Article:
This Week In Moto: Volume 27

Box Fresh MH900e On Bring A Trailer

If you’ve read our latest issue of Vicarious Magazine you may have caught my editor’s letter where I lament the exorbitant costs of BaT auctions (and if you haven’t, subscribe already!). Well, now I’m sitting here staring at what I (and many others) consider to be one of the most beautiful and exclusive motorcycles ever made and wondering how many pennies are hiding in my couch.

2002 Ducati MH900e

The 2002 Ducati MH900e was designed by Pierre Terblanche as a tribute to Mike “The Bike” Hailwood and his 1978 Isle of Man TT winning Ducati. While thoroughly modern (by 2022 standards), the retro half-faired look, elegant trellis frame and period correct livery makes this a genuine piece of rolling art. The MH900e was also the very first motorcycle to be sold exclusively online with buyers having to register on January 1, 2000. It sold out in 31 minutes, which is crazy considering more than a few of those orders would have been running a dial-up connection and half of the population was wearing tinfoil hats to ward off the Millennium bug.

This one currently on the block at Bring a Trailer, numbered 875 of only 2000 ever made, is not only brand new, it’s still in the factory crate.

Bidding as I write this is around $35k – which would actually be a steal for this bike in this condition – so expect that number to rise. My guess is it will probably double and sadly, my couch just isn’t that cavernous.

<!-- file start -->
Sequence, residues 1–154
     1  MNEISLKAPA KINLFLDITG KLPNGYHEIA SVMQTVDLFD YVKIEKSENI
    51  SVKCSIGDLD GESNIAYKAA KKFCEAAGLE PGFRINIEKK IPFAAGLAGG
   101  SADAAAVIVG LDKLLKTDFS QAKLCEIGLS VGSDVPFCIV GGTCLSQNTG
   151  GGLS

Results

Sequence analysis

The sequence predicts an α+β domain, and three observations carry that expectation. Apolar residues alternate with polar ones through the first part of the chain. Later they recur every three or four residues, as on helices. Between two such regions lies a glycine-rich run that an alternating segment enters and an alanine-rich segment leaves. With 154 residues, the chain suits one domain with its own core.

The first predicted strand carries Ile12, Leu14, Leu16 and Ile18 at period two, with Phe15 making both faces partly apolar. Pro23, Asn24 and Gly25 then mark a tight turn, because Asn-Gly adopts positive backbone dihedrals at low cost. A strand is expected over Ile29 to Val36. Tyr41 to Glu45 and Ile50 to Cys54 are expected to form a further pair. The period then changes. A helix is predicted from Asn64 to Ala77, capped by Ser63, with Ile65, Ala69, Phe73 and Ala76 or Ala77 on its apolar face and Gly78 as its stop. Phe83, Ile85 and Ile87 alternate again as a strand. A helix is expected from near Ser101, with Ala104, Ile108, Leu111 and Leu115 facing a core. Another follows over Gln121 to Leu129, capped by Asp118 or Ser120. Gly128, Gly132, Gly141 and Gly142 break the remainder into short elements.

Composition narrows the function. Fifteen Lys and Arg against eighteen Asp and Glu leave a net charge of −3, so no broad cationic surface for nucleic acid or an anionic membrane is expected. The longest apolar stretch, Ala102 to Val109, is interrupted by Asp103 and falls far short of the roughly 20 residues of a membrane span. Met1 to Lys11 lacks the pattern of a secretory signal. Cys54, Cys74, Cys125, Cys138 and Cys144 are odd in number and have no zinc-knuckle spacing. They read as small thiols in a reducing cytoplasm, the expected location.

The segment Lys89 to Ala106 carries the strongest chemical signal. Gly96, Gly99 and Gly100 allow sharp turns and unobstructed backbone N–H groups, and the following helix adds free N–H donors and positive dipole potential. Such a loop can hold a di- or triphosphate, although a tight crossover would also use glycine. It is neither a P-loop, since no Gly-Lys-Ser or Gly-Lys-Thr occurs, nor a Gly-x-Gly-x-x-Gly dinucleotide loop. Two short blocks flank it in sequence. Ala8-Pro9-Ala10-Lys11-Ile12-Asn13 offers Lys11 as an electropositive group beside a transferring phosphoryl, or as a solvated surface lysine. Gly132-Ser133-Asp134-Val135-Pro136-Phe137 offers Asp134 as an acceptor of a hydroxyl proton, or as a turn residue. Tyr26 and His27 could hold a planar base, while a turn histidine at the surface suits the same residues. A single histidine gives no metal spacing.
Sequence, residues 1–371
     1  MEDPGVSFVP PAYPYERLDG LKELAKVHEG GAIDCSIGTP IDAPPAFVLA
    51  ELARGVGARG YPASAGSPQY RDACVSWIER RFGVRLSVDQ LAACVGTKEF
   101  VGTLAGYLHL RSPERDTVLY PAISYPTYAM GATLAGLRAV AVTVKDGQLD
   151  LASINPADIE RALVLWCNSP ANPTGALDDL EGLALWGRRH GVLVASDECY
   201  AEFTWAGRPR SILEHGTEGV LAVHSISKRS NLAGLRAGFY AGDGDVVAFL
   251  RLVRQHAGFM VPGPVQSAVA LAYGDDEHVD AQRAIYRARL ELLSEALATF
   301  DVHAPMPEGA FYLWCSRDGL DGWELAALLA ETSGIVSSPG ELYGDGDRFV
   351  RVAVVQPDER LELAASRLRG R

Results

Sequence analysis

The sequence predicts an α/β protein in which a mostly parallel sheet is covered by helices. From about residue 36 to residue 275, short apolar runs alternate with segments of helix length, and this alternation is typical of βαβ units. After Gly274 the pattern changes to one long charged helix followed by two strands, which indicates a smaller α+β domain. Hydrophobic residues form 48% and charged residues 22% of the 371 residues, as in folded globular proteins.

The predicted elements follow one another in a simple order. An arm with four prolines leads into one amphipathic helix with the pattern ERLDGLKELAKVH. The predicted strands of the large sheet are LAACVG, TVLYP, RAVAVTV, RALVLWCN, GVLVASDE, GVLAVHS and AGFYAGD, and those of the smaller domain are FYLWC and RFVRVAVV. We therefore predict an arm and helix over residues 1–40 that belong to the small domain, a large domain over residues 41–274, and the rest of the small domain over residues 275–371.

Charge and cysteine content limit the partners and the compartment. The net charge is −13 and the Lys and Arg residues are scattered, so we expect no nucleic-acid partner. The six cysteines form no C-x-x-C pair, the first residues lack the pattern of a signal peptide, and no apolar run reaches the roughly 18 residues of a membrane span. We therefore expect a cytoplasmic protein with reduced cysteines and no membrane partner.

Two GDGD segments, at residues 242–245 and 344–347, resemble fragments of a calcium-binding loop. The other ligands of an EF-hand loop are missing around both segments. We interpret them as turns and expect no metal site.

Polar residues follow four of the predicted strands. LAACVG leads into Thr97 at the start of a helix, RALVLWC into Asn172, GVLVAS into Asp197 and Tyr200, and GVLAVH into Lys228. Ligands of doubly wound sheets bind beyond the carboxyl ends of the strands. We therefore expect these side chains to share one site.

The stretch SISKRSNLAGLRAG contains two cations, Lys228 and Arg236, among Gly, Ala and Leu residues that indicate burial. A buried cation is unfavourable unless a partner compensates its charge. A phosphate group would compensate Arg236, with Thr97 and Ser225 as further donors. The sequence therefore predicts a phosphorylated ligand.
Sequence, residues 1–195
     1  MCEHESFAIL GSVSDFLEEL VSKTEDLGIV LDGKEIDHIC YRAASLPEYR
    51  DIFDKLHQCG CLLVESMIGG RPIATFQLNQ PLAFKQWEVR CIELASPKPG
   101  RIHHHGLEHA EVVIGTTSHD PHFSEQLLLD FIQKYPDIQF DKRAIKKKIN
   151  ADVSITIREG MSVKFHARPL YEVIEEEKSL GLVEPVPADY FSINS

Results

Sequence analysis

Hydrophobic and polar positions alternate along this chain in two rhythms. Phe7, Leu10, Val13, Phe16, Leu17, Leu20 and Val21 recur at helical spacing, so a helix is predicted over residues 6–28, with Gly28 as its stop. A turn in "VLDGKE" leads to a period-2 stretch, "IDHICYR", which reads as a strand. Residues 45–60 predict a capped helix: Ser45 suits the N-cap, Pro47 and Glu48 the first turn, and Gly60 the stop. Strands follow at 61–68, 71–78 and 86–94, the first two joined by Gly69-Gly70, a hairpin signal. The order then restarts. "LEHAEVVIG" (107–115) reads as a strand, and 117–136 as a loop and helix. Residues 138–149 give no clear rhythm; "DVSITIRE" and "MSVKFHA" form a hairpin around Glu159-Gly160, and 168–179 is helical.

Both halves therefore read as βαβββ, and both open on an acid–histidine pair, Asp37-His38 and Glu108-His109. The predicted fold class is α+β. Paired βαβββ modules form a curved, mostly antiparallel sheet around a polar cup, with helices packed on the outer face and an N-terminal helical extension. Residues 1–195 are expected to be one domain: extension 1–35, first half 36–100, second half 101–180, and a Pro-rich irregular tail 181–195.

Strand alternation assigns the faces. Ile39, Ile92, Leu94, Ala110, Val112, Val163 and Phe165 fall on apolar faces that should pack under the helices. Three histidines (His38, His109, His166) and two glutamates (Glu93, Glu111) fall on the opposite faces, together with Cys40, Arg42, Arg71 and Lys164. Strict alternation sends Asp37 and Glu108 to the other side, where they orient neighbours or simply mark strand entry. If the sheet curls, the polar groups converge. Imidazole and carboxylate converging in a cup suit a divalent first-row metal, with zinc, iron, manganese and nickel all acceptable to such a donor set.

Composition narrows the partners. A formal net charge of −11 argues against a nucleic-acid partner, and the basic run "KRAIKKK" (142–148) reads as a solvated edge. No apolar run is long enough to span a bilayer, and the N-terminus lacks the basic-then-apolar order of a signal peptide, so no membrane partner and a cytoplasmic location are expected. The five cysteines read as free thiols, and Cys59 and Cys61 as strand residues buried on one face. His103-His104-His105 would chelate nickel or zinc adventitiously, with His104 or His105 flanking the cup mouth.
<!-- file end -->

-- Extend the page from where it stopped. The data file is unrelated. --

Max Hazan’s Vincent Rapide

Speaking of rolling art, fabricator extraordinaire Max Hazan recently took top honours by winning Best of Show at The Quail Motorcycle Gathering we wrote about a few weeks back.

Max Hazan’s 1951 Vincent Rapide

If you follow the custom motorcycle scene at all, Hazan and Hazan Motorworks will be quite familiar. If you don’t, know that Mr. Hazan is arguably the most creative and most talented builder on our planet. Period. If you’d like to see why I posit this, just check out this gallery of builds.

The 1951 Vincent Rapide that you see here is essentially completely bespoke. The chassis was fabricated in his Los Angeles shop, as were the drum brakes and even the damned carburetors!!!. Yes, you read that correctly. The carbs (as well as those incredible bellmouths) were machined and fettled by Max himself.

Other unique touches (which is odd to say about a completely unique creation) include a solar panel that was integrated into the fuel cell to provide a charge to the battery powering the LED lights and that gorgeous rear suspension set-up. Pour a cup of coffee, dilate those pupils and grab a hanky to soak up the drool.

BMW M1000 RR: 50 Years of M Edition

While the infamous M has graced Bimmers (the colloquial given to four-wheeled BMWs) for 50 years, Beemers (the colloquial given to two-wheeled BMWs) have only recently been bestowed the honour (before 2020, high performance editions of Beemers had the HP designation).

M1000 RR: 50 Years of M Edition

To ensure the 50-year celebration of M is shared amongst the entire portfolio, BMW Motorrad recently introduced the M1000 RR: 50 Years of M Edition.

Each bike will come slathered in a unique shade of Sao Paulo Yellow Paint and feature a bevy of performance add-ons in the form of the M-Competition package. That package includes carbon fibre galor, a lighter swingarm and an integrated GPS lap-timer among others.

If you’d like one of these special edition 212-horsepower track bandits for yourself, it will set you back around $49k (which is a substantial upcharge over the equally powerful and capable standard issue M1000 RR)

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